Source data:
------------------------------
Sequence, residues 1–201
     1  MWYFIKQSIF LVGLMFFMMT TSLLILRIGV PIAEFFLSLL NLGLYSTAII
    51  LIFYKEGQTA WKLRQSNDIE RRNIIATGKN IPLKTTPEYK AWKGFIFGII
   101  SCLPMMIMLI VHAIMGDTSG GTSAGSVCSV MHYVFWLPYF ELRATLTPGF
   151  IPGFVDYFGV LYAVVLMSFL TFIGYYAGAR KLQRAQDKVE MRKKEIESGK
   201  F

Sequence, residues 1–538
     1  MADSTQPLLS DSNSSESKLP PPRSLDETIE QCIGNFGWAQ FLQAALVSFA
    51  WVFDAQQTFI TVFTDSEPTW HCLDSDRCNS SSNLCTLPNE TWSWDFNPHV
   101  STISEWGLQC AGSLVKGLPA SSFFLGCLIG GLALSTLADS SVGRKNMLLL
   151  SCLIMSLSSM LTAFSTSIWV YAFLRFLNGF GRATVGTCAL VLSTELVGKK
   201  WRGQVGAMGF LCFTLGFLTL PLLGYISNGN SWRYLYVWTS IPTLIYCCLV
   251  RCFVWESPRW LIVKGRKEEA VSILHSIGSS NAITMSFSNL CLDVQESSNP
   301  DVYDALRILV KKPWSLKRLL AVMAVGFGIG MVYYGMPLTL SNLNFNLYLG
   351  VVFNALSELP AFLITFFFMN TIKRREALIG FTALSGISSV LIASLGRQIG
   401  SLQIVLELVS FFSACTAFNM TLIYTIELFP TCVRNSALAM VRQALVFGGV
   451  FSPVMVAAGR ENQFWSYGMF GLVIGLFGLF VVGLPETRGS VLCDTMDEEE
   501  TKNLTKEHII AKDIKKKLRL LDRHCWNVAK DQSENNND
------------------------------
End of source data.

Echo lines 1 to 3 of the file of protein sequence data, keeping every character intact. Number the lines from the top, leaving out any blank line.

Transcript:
Sequence, residues 1–201
     1  MWYFIKQSIF LVGLMFFMMT TSLLILRIGV PIAEFFLSLL NLGLYSTAII
    51  LIFYKEGQTA WKLRQSNDIE RRNIIATGKN IPLKTTPEYK AWKGFIFGII